Just under 30 minutes from downtown Chicago are the tree-lined suburbs of Oak Park, Forest Park and River Forest. Here you can see some of Frank Lloyd Wright’s most famous homes and tour his home and studio and the famous Unity Temple. Why not make a day out of it and enjoy the attractive downtown area and walk and drive the neighborhoods exploring his architecture. You can access the sites by car, by taking the Green Line from the Chicago Loop or the Metra Union Pacific West Line train from the Ogilvie Transportation Center.
To fortify yourself, start the morning at Blue Max Restaurant and Coffee Bar at 26 Lathrop Ave. in Forest Park. They roast their own coffee on the premises and offer a full range of coffees plus a large selection of breakfast and lunch items.
Next stop is Wright’s famous Unity Temple at 875 Lake St. Make sure to book online, before you go, through the Frank Lloyd Wright Trust. Guided tours of the interior and self-guided audio tours are both available. Wright designed and built the church from 1905 to 1908. The building elements and architecture are great examples of his organic design. Make sure to take note of his use of natural light, his decorative art or stained glass, his light fixtures and furniture. You will visit the social area as well as the main auditorium or sanctuary.
Walk a short distance to downtown Oak Park to grab a bite. Sugar Fixe Patisserie at 119 N. Marion St. is a great spot for a macaron or cupcake!
Next pick up your map and audio guide from the Home and Studio to start your walking tour of the neighborhood. You can just buy the larger map or book an audio tour which comes with the neighborhood map and audio guide for narration; I did both. You will see some of his famous homes: The Arthur B. Heurtley House at 318 Forest, which was one of my favorites, The Laura Gale House at 6 Elizabeth Ct., The Peter A. Beach House at 238 Forest Ave., The Frank Thomas House at 210 Forest Ave., The Hills-Decaro House at 312 Forest Ave. and the Nathan G. Moore House at 33 Forest Ave. This district has the world’s largest concentration of Wright-designed structures.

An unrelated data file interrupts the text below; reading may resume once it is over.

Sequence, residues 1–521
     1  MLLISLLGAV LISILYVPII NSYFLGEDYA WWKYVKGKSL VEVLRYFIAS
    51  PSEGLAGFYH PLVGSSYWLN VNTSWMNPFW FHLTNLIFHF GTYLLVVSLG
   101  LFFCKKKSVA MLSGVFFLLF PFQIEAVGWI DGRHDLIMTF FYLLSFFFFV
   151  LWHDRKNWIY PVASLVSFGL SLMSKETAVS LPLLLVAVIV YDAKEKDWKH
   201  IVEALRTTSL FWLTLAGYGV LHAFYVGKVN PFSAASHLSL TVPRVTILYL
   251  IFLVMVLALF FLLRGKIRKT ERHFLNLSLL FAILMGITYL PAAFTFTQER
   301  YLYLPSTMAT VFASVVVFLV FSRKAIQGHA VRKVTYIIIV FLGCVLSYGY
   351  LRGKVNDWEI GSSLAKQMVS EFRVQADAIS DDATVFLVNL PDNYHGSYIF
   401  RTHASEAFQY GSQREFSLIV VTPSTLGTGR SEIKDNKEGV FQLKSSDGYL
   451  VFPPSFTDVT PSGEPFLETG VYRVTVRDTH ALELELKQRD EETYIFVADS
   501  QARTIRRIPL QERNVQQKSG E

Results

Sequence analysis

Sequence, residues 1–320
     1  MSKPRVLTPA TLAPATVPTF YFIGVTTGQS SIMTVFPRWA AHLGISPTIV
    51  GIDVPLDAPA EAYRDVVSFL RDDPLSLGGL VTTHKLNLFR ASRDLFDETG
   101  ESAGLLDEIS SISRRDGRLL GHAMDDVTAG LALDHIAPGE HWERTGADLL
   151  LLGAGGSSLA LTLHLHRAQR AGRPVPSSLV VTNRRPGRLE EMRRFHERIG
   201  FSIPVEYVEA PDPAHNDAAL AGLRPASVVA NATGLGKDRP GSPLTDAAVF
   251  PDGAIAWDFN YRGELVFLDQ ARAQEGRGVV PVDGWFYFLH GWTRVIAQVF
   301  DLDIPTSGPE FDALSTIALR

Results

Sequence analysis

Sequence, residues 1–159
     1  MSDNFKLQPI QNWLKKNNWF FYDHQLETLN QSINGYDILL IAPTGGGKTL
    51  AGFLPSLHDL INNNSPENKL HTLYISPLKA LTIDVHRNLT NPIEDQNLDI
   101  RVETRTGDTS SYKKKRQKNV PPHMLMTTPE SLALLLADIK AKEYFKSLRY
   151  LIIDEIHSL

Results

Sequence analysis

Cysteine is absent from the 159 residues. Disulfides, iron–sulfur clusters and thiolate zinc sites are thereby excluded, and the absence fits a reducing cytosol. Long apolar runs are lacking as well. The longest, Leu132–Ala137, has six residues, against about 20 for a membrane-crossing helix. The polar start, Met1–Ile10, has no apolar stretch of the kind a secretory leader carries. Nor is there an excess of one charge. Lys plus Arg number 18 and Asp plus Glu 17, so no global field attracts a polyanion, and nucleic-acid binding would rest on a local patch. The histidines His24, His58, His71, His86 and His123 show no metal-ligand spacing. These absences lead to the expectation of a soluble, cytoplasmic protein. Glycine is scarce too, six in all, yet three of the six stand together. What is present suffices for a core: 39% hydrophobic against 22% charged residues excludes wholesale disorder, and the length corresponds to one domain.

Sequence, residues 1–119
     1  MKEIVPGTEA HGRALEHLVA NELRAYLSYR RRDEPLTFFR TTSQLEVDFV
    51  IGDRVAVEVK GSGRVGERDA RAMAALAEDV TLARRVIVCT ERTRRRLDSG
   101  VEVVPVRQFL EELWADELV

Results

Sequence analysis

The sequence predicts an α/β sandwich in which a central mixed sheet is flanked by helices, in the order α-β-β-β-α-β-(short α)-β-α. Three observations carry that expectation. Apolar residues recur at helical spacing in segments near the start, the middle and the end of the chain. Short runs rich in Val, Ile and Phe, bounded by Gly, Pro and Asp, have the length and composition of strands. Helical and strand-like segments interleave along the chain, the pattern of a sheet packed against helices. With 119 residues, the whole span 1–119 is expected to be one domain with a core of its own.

At the end of Forest Ave, you will pass the Austin Gardens, where you can enjoy The Oak Park Festival Theatre in the summer months. They feature plays by Shakespeare and others in a great outdoor setting; perfect on a summer night.
On Chicago Ave. you can see some of his older homes, The Walter H. Gale House at 1031 W. Chicago, The Thomas H. Gale House at 1027 W. Chicago and The Robert P. Parker House at 1019 W. Chicago.
Next head west to River Forest where you can see his Waller Gates House at Auvergne and Lake State, The William H. Winslow at 515 N. Auvergne and the stunning Isabel Roberts House at 603 N. Edgewood from 1908. There is also the Chauncy Williams House at 530 N. Edgewood and the J. Kibben Ingalls House at 562 N. Keystone from 1909.
Next stop is for an ice cream break at Petersen’s Old-Fashioned Ice Cream at 1100 Chicago Ave. in Oak Park. It is two blocks from the Wright Home and Studio and has been open since 1919 and in this location since 1931.
Frank Lloyd Wright Home and Studio: Located at 951 Chicago Ave. in Oak Park, this was Wright’s first home and studio where he developed the Prairie style of American architecture. I would book the guided interior tour online, before you go. Photographers can buy a photography pass for an extra fee. I enjoyed seeing the home but the tour of his architectural studio, where he and his associates worked, was the highlight.
You might also enjoy The Wright Plus Housewalk, held on the third Saturday in May, where you can walk through the homes in Oak Park and River Forest. I have done it twice in the past.
Not far from the Home and Studio is Ernest Hemingway’s Birthplace and Museum. 339 N. Oak Park Ave. You can book a tour, visit the exhibitions or buy his books. They also offer special programs.